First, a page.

Here are a few articles, if you want to get caught up on the latest:

Formaldehyde is a chemical often used in embalming and it's not something that living human beings should be breathing, as it causes severe respiratory problems. Katrina victims were given the trailers as a hand up until they could rebuild their lives, but with the deathly slow pace of recovery outside and the deadly gases inside, FEMA seems to be trying to make the homes into premature tombs.

In the area around Buras, where I volunteered this Spring, most of the homes were destroyed by the storm surge such that only their foundations remain. It was essential for the residents to have those trailers to live in while the community tried to gut and rebuild. The health hazards in the post-hurricane Gulf are already great and the care options are limited, so it's heartbreaking to find out that the FEMA trailers add their own toxicity to the mix.

For FEMA to pretend that the problem never even existed borders on the absurd, but it's par for the course considering the administration the agency serves. If you espouse a philosophy that government is too big and cumbersome to be effective, your governance will self-fulfill that prophecy.

The Bushies embrace radical privatization and free market solutions, believing that business can better provide social services. To help sell that concept to the American people, they've encouraged ignorance and incompetence in their appointed officials. For them, putting the health and well being of the American people at risk is a small price to pay for perpetuating that all consuming ideology.

(Photo by Infrogmation)

Wednesday, July 25, 2007

Wading into the darkness, where Wild Things lurk

Today I did some digging into boxes around my apartment, and I found my set of Where the Wild Things Are figurines (see an example of one of the darling critters at left). For close followers of this blog, you'll remember my previous post about Maurice Sendak's funny scary creatures of the night and how they captured my imagination at a young age. They have yet to release their grip on my thought box, as I'm still quite giddy with viewing the magical little monsters that have been lurking in my closet.

If you remember the story book adventure, young Max escapes from the doldrums of his room to the land of Wild Things, the outwardly fearsome but eventually engaging monsters of his dream world. It's a book with lessons for young and old, teaching us it's better to conquer our fears than try to run from them. I've always liked following Max's lead, to seek out those things that go bump in the night. The darkness may conceal some dangers others' prefer to keep hidden, but it's also home to some treasures otherwise left unexplored. Out of the blinding hot glare of daylight, I'll continue to live on the fringes seeking my inspiration and creativity as the shadows overtake meeker souls.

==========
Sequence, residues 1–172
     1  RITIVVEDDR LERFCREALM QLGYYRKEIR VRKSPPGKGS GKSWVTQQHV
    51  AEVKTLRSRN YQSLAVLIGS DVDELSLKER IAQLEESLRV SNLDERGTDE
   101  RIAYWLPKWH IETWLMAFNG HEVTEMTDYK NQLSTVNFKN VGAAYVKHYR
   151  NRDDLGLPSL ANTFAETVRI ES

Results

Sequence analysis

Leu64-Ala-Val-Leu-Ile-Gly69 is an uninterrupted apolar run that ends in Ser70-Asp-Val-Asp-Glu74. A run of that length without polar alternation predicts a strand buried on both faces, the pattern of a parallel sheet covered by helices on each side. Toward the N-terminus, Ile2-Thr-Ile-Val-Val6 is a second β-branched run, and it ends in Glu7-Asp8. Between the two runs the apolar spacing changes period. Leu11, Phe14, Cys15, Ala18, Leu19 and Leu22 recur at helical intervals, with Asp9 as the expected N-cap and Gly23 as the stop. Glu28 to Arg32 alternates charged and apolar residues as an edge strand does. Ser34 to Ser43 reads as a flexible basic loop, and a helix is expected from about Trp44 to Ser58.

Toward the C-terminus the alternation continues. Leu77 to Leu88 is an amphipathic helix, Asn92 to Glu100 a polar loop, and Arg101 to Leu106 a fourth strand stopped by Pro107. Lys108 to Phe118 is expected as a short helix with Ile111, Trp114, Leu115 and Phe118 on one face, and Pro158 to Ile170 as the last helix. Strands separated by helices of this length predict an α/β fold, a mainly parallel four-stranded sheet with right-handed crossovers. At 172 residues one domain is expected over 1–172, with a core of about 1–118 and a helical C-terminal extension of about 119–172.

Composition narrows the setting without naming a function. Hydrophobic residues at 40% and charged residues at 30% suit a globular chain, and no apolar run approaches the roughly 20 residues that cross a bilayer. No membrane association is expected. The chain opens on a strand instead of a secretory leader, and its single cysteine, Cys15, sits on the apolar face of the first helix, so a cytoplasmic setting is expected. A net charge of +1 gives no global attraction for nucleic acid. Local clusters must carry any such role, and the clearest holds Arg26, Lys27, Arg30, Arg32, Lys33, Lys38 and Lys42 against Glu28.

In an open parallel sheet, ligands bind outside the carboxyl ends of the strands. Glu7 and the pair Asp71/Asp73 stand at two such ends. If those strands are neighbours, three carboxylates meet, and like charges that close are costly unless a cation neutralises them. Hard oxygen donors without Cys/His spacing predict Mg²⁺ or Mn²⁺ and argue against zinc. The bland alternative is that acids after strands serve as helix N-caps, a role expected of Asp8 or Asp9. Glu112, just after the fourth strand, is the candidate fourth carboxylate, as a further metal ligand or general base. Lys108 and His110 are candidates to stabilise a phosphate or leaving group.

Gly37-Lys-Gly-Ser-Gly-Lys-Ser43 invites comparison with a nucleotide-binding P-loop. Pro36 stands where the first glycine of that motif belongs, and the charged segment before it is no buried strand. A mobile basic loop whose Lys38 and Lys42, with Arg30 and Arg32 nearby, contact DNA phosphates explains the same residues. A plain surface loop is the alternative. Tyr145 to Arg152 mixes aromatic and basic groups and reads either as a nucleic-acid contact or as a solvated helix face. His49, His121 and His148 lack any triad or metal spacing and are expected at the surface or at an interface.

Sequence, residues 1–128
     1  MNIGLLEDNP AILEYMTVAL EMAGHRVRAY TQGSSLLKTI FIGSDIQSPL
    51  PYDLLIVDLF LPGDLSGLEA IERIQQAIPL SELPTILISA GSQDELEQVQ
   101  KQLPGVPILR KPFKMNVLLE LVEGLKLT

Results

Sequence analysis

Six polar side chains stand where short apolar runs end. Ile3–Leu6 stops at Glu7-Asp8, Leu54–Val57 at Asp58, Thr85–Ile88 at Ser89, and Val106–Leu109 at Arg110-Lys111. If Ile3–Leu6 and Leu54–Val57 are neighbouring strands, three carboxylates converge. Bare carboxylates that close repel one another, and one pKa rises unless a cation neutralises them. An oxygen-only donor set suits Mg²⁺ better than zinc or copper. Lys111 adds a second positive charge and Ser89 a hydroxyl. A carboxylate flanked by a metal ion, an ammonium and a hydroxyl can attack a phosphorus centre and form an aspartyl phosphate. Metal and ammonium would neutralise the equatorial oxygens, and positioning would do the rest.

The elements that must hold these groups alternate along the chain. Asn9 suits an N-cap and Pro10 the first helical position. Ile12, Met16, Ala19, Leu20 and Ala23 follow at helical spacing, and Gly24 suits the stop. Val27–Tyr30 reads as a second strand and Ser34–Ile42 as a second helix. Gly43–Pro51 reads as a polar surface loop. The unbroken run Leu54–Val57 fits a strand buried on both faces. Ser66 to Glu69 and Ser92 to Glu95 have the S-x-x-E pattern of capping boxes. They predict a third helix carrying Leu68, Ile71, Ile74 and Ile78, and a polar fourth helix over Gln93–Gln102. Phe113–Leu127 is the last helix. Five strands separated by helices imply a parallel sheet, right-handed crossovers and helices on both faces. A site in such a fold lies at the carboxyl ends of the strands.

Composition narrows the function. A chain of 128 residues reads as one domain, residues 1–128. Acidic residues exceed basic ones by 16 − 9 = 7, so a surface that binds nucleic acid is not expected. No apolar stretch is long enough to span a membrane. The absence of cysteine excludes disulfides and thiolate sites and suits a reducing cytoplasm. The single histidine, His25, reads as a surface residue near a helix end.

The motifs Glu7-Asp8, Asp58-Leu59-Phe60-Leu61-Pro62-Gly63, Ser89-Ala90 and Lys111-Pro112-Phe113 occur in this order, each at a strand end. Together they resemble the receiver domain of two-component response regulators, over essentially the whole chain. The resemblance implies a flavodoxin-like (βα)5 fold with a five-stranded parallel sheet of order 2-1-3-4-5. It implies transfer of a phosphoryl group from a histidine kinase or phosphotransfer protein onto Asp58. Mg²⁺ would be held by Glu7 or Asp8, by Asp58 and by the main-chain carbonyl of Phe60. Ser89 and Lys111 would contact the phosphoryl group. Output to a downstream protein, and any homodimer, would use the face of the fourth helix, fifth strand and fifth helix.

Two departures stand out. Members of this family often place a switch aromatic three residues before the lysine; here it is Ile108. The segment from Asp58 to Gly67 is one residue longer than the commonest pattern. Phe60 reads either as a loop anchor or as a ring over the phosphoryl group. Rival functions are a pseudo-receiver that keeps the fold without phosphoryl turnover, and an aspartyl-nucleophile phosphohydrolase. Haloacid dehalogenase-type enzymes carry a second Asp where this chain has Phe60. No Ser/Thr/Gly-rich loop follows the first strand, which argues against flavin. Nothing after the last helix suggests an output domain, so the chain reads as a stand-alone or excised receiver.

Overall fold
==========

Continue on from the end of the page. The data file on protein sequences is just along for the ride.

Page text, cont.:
To honor these spirits of my childhood and my enduring inkling toward the inky night, I'm including the lyrics of a favorite and appropriately winsome song by arty rockers Camper Van Beethoven.

Come On Darkness
by Camper Van Beethoven

Come on slowly
Won't you rise and come
To the top of this hill
Where the cool breeze spills
Now that it's dusk
Someone drive them off the street
Let the pavements cool
Come on now
So come on love
And lay your body down, next to mine
'Cause what we're longing for has withered in the light
Come on darkness
Lay your body down on us
We've been calling you for so long now
We're weary of your name
Come on blackness
Let me breathe you in
'Cause with this clattering and din we are calling you
Brother, have you got a smoke
Or baby, have you got a dime
Seems like we're all a little down on our luck
And baby if you're workin' now out in Bakersfield
At some honky-tonk they call the Wagon Wheel
I feel swept and you feel rolled away
So come on darkness, I need you today
Come on blackness, let me breathe you in
'Cause with this clattering and din I am calling you
Come on darkness
Come on darkness

Tuesday, July 24, 2007

Hoosier Daddy? ... B(ig) P(olluter), an update

Last week, I posted about the State of Indiana's approval of a BP plan to dump more pollution into Lake Michigan (see B(ig) P(olluter) of Lake Michigan). The story has been percolating in the local media since then, and the public outcry in Illinois has grown loud enough for the pols in Washington, DC to notice.

As reported in the Chicago Tribune, see the excerpts below, Illinois politicians from both sides of the aisle in both the House and Senate took BP execs out to the wood shed, where they delivered a pretty simple message ... "ain't gonna happen." The Land of Lincoln has a little more clout in DC than the Hoosier state does, so this travesty of environmental policy might just get put out of our misery pretty quickly.

The article points out that there is "little political downside" for the Illinois reps to oppose this, and that's certainly true considering the refinery sits across the border, but how important can 80 new jobs really be? There has to be more to this story than the mainstream media is giving us.

What else is at stake for the state of Indiana to put the health and welfare of the whole region at risk? Was something else promised or threatened? What kind of hold does BP have on the Hoosier state? Why are they being so quiet now, even after all the negative publicity? Inquiring minds want to know.